Chris W. and Chris H. also played in some cash games at the Gold Strike and the Horseshoe.  They were joined later by two other players from our home game, Hal and Greg.  In one hand, Hal won a large pot against Kevin (aka “Ben”; you’ll read about him later in this post), when he had pocket Aces.  The bad beat stories in our group, from both tournaments and cash games, were rampant.  In one cash game, Chris W. was in a $1-$2 NLHE game.  He had A-K on the button, everyone folded, he raised an additional $10, and an aggressive Asian woman in the BB called.  The flop was 2-A-4.  She bet $25, Chris tanked, trying to decide if she had A-2 or A-4, but eventually called.  The turn was a 5, and she bet $50, and Chris insta-shoved for about $80-90 more.  She then insta-called, and turned over A-J.  When she saw Chris’ A-K she yells “JACK”!  And she hit her 3-outer with a jack on the river to scoop the $350 pot.  Chris moved to the Horseshoe to try and change his luck.  He got in a $1-$3 NLHE game, and was involved in another $300+ pot.  He flopped a set of 10′s when the flop came: Qh-Th-6s.  He moved all-in and had two callers.  When hearts came runner-runner, the villain turned over 6-6, and didn’t even realize his six of hearts gave him the flush!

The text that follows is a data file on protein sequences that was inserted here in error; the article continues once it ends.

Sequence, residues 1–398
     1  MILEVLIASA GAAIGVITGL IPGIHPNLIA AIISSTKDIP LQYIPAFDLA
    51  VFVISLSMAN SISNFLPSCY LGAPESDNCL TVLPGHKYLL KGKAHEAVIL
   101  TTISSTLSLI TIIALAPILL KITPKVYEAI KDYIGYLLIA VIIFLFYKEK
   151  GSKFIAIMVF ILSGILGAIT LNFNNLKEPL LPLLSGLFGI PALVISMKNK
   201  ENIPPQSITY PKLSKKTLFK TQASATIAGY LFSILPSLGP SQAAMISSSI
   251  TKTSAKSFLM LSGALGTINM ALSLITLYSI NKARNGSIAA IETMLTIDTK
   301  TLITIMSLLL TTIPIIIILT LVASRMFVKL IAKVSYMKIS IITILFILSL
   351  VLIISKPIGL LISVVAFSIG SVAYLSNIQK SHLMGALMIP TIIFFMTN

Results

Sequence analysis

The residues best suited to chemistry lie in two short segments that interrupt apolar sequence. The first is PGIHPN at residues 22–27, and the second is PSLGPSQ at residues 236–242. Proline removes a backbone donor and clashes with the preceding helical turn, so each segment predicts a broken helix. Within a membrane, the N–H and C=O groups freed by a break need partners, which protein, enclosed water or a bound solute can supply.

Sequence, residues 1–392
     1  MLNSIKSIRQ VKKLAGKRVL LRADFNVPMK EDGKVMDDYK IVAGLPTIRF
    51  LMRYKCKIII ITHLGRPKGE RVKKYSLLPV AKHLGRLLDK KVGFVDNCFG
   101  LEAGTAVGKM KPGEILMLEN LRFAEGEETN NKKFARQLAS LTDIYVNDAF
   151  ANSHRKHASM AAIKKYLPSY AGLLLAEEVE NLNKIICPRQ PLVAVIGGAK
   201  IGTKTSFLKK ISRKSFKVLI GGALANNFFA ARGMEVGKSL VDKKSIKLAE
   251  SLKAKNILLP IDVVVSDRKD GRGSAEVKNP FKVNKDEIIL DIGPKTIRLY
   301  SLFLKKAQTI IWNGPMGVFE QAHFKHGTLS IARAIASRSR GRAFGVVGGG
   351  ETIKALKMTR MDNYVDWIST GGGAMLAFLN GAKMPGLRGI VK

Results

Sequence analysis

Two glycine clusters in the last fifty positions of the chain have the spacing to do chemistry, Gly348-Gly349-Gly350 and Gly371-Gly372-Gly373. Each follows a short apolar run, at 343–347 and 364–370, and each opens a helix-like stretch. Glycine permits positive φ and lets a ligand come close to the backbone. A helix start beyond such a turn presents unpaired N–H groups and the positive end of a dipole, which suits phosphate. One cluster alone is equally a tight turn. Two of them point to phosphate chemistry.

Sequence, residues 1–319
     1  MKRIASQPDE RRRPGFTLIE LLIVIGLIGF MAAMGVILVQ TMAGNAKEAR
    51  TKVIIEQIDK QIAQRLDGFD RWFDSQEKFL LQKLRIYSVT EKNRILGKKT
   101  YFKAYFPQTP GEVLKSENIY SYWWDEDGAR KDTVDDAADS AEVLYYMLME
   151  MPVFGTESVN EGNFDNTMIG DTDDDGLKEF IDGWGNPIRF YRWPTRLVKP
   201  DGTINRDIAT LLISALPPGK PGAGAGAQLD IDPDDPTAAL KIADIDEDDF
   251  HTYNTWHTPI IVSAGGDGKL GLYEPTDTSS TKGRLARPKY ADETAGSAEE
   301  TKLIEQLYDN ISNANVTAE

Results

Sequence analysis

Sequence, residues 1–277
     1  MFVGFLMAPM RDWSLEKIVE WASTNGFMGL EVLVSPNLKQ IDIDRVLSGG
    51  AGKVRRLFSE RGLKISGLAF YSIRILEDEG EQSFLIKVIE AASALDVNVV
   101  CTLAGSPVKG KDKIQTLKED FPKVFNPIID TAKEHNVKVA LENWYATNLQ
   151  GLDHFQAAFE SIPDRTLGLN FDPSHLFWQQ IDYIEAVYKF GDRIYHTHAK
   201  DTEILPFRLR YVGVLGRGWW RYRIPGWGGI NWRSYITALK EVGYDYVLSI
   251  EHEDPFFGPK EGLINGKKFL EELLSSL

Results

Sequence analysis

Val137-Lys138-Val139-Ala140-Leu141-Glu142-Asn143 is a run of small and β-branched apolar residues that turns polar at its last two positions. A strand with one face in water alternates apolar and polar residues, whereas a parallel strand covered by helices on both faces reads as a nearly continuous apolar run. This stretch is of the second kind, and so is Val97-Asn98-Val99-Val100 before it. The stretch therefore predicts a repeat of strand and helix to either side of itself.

I hate to relate the next experience, but it was a memorable one from my weekend.  Going back to Thursday night; after busting out of the Gold Strike tourney, both Chris’s and I decided to go to Harrah’s and check out the WSOP room.  They were running 10 player sit-n-go’s at different levels of buy in.  It was late (about 1:00 am), and I was pretty tired, but we decided to play in a $65 level game. At that level, the payout is $500 in “tournament chips” which can only be used to buy in one of the WSOP tournaments, and $50 cash.  The house makes $100!  And, they’re pretty much turbo’s, starting with only 1,000 in chips, blinds beginning at 25-25, and 12 minute rounds.  Our dealer told us that his “record” in these SnG’s is having four players bust-out in the first four hands.  One of the first few hands, I won a small 300 or so pot.  Then a couple of hands later, I get Q-J, both spades and limp.  With one or two other players (I don’t remember exactly) the flop is 2 spades and a rag.  I checked, a player behind bets 300, and even though I didn’t really have the odds, I called; because it was a turbo you had to really gamble.  The turn was the ace of spades.  I checked, the other player bet about another 300.  After thinking a little, I went all-in.  He tanks, and says “Oh well, if you have the flush I’m beat, but I’ve got a set, and have to call”.  He does, and I announce “flush” and turned over my Q-J.  Just as I turned them over, I noticed one very important detail; the jack wasn’t a spade, it was a club!  I then announced “Oh SH*T”!, and proceeded to leave the table when a spade didn’t come on the river.  Almost as unfortunate for me was the fact that my friend Chris W. was also at the same table!  I’m certain there will be future ramifications from that hand. That’ll teach me to play when I’m tired; that’s my excuse, and I’m sticking to it. :)